How Bradley Wiggins and Mark Cavendish can maintain Olympic form

Dave Brailsford likes to term July the "pointy end" of the cycling season, and in 2012 the pointy bit is as spiky as Everest, with just five clear days between the finish of the Tour de France and the opening cycling event, the men's elite road race.

Managing the transition between the world's greatest bike race and the biggest sports event ever to hit Britain will be key to medal success in the men's road race and time trial, but as ever with Brailsford and his cohorts, plenty of thought has gone into it.

On Sunday night, as the champagne bottles were gathered up and the sun set on the Champs Elysées, the men's road race team went in three directions. Brailsford, Chris Froome and Mark Cavendish boarded a late-evening flight to Luton together with Rod Ellingworth, the coach who masterminded Mark Cavendish's world road race win as part of the building process towards London 2012. And as early as Monday afternoon, Ellingworth was accompanying Froome on his first training ride of the week on the Box Hill course. With the usual attention to detail, the beds that Froome and Cavendish had slept in in France on Saturday were trucked up to Surrey to be waiting at the hotel for them when they checked in at 1130 on Sunday night.

The quartet travelled to the men's team's hotel in Surrey, where they will be joined later this week by the Tour winner Bradley Wiggins, who flew out of Paris on Sunday to north-west England to spend a couple of days with his family, and David Millar, who was staying on in Paris for Sunday night with his wife and child. Ian Stannard, the fifth team member, was already in Britain having finished the Tour of Poland six days before the end of the Tour de France, and will join the team on Wednesday. Three riders, Ben Swift, Steve Cummings, and Jeremy Hunt, remain on call as reserves in case of injury or illness to one of the selected five.

"The guys had the option of going home [after the Tour] or coming to the hotel and bringing their families along," said Ellingworth. "This week is about managing the fatigue after the Tour, there no hard and fast plans. If one guy wants a day off the bike, he can have it, if another wants a four-hour ride we discuss why he wants it and then he does it. No one will be shutting down completely, that's the key thing."

The aim is to manage the delicate balance between recovering from the effort of the Tour while retaining the fitness that builds as the body adapts to the three-week race's demands.

For the layman, the concept of racing again so soon after the Tour might seem bizarre. To a professional cyclist it is luxury. Many of the French cyclists who finished the Tour were racing the day after, in the traditional post-Tour Criterium at Lisieux, while for the Low Countries pros there are events in Holland immediately after the Tour. The criteriums are "only" 80-100km, but the first full-length race after the Tour is usually the San Sebastián Classic, the following Saturday.

As Brailsford said before the Tour finished: "The difference between professional cyclists and most other athletes is that the week after the Tour de France they will normally be riding anyway." The Olympic road race, will, says the performance director, be "business as usual. It's another bike race, different, [but] just another bike race."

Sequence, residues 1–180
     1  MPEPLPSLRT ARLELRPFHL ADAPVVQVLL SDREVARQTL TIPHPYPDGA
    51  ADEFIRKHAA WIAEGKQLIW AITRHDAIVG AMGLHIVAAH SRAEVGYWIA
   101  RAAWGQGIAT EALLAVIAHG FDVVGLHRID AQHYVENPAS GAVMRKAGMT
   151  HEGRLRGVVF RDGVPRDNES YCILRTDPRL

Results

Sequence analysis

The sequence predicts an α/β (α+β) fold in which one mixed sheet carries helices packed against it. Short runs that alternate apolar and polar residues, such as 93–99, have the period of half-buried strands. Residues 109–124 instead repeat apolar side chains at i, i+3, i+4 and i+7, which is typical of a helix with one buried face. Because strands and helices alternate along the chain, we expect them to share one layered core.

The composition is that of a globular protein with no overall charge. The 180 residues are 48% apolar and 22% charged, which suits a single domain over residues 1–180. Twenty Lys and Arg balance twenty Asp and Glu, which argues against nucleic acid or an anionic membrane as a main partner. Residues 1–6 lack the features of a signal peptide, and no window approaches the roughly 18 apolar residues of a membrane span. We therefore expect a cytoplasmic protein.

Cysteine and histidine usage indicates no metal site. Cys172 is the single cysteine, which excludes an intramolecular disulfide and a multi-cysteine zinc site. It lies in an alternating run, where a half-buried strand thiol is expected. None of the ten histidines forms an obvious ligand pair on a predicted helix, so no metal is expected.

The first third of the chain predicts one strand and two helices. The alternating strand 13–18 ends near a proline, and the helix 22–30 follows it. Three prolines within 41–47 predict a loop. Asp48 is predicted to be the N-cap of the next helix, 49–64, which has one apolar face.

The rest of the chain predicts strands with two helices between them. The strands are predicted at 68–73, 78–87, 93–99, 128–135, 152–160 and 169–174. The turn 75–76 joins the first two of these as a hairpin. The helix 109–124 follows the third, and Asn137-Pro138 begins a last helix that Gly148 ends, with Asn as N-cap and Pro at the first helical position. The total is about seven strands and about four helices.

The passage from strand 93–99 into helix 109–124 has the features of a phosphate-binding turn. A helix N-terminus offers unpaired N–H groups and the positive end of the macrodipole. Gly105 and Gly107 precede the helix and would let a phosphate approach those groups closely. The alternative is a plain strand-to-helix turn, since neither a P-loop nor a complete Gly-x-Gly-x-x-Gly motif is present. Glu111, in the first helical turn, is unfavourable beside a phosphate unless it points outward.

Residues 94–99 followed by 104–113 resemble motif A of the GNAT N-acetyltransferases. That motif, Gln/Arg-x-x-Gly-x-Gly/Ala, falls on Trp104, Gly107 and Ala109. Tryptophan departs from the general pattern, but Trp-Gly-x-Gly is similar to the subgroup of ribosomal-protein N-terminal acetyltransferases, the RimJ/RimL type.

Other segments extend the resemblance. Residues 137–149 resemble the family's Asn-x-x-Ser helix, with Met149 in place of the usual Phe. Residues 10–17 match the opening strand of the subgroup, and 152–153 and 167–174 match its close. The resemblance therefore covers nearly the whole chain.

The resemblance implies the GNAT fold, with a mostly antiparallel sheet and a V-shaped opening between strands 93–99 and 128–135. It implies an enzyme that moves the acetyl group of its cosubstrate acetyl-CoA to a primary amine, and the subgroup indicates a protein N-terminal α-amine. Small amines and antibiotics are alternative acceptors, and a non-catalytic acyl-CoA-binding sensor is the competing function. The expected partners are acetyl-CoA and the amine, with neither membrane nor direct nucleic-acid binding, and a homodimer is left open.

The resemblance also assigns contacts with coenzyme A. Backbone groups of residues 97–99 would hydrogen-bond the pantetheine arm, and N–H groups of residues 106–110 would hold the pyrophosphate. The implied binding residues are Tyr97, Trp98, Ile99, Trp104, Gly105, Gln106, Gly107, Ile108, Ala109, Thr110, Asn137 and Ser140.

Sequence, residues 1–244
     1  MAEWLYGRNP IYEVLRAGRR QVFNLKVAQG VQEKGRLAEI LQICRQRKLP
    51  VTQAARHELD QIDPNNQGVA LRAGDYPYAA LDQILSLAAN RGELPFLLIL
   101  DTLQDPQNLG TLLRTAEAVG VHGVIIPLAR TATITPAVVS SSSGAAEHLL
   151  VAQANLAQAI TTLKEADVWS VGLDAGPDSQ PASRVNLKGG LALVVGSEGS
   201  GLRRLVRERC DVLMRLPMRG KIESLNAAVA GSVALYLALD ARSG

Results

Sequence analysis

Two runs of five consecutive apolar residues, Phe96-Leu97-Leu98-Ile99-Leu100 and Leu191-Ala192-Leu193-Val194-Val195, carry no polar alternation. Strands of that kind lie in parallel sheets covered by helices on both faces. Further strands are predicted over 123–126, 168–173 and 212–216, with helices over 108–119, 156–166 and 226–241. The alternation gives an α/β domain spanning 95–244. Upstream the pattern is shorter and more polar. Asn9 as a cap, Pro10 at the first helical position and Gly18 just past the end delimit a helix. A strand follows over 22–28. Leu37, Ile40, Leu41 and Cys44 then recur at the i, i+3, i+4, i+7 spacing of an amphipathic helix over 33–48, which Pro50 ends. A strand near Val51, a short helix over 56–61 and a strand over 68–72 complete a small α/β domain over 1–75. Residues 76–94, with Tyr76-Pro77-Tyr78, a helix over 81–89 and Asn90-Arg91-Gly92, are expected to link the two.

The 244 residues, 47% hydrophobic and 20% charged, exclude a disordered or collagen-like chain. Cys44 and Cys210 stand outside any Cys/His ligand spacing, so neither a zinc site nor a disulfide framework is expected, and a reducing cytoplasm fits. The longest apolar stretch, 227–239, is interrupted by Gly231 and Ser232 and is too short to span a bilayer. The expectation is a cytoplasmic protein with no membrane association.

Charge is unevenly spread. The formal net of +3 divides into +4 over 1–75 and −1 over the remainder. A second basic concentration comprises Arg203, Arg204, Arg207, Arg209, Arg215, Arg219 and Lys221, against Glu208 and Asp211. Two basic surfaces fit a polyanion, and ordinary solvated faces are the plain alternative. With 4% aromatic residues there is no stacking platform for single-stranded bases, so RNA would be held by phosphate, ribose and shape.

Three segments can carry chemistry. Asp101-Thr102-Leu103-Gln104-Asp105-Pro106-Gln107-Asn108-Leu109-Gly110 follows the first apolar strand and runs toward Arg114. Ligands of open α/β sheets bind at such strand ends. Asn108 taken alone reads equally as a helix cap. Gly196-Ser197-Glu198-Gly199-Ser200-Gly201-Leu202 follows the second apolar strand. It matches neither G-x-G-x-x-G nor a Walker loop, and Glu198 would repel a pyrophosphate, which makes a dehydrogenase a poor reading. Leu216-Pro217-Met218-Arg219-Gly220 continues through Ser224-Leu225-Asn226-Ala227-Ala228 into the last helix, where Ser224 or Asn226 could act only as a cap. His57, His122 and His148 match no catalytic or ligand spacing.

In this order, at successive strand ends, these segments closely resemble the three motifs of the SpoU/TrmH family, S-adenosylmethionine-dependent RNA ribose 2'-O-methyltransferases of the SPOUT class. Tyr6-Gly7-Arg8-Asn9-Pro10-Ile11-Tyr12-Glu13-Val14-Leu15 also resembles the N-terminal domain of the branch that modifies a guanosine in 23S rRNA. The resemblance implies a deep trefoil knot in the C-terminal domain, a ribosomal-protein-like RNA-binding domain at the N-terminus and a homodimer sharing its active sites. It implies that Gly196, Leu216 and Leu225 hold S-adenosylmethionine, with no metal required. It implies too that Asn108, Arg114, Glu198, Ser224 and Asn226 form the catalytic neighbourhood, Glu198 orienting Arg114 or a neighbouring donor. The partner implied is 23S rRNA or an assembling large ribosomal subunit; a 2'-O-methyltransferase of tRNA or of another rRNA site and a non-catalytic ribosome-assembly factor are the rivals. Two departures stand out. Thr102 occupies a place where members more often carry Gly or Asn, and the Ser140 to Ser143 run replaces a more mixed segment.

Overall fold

Wiggins added: "An Olympic athlete can't envisage doing the Tour de France 10 days before the biggest race of their life, a marathon or whatever, but racing is what we do, and we do so many during the year that having nine days between the Tour and the time trial is like having a holiday.

"Physically, nothing changes – if I did that time trial [on Saturday] in nine days' time, I'm going to be in the ball park. It's just what changes mentally in that time and I think that's what I've really strengthened over the last few years."

Wiggins is clearly fresh and ready for the task of devoting himself to Cavendish this Saturday, as his two searing leadouts on Friday and Sunday showed, not to mention the devastating performance in the 53.5km time trial on the Saturday. That is to be expected: a Tour winner is, by definition, the rider among the 198 starters who copes best with the workload over the three weeks. Precisely the same argument applied to the Tour's second finisher Froome, who came second to Wiggins in the time trial on Saturday.

But there were plenty of encouraging signs for Ellingworth among his four other charges. Cavendish, the team's designated leader, won two of the last three stages of the Tour, confirming that, after a tough middle week, he too had finished the race in something close to his best condition. The speed with which he came past the leading riders to win in Friday's uphill stage finish was as much an indicator of his building form as his victory – taken after starting his sprint early than he would usually do – on the Champs Elysées.

Among the breakaway riders who were mopped up in the closing kilometres was David Millar, no less, who had already won a stage in the Tour and put in an impressive burst of speed as the bunch closed on the escapees, as if to show Ellingworth – watching the race on TV at the stage finish – that he too was in great shape. And Stannard, the only one of the quintet not to race in France, had ridden strongly in Poland in support of the Sky sprinter Ben Swift – unlucky not to make the Olympic team on either road or track – and the team's Columbian prospect Sergio Henao.

Powered by article was written by William Fotheringham, for The Guardian on Tuesday 24th July 2012 08.35 Europe/London © Guardian News and Media Limited 2010


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